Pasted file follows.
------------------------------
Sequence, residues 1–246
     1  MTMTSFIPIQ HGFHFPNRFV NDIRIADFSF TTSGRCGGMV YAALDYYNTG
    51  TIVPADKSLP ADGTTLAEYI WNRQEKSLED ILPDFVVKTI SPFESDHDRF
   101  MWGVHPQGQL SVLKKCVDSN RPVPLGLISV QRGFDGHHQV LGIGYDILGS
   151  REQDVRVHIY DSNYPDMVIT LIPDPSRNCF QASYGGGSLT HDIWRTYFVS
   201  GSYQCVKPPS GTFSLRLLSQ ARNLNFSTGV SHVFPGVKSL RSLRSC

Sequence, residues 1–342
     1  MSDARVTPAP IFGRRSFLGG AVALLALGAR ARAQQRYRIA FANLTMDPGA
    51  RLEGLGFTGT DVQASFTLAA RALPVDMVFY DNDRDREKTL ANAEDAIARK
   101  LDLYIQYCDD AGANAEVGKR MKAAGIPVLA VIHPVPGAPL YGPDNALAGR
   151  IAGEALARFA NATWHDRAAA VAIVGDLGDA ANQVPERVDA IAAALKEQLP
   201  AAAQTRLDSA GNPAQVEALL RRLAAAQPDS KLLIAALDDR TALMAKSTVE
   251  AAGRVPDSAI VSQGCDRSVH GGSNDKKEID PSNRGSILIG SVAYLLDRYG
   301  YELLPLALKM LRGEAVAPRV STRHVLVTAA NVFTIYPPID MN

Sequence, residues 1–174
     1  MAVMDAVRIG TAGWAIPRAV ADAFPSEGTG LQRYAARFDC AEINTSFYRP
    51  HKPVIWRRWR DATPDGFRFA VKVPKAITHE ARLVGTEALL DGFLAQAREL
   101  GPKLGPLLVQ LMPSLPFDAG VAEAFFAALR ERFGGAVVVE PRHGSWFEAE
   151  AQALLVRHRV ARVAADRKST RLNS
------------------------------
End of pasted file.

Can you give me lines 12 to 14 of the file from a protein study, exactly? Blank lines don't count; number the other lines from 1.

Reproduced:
   201  AAAQTRLDSA GNPAQVEALL RRLAAAQPDS KLLIAALDDR TALMAKSTVE
   251  AAGRVPDSAI VSQGCDRSVH GGSNDKKEID PSNRGSILIG SVAYLLDRYG
   301  YELLPLALKM LRGEAVAPRV STRHVLVTAA NVFTIYPPID MN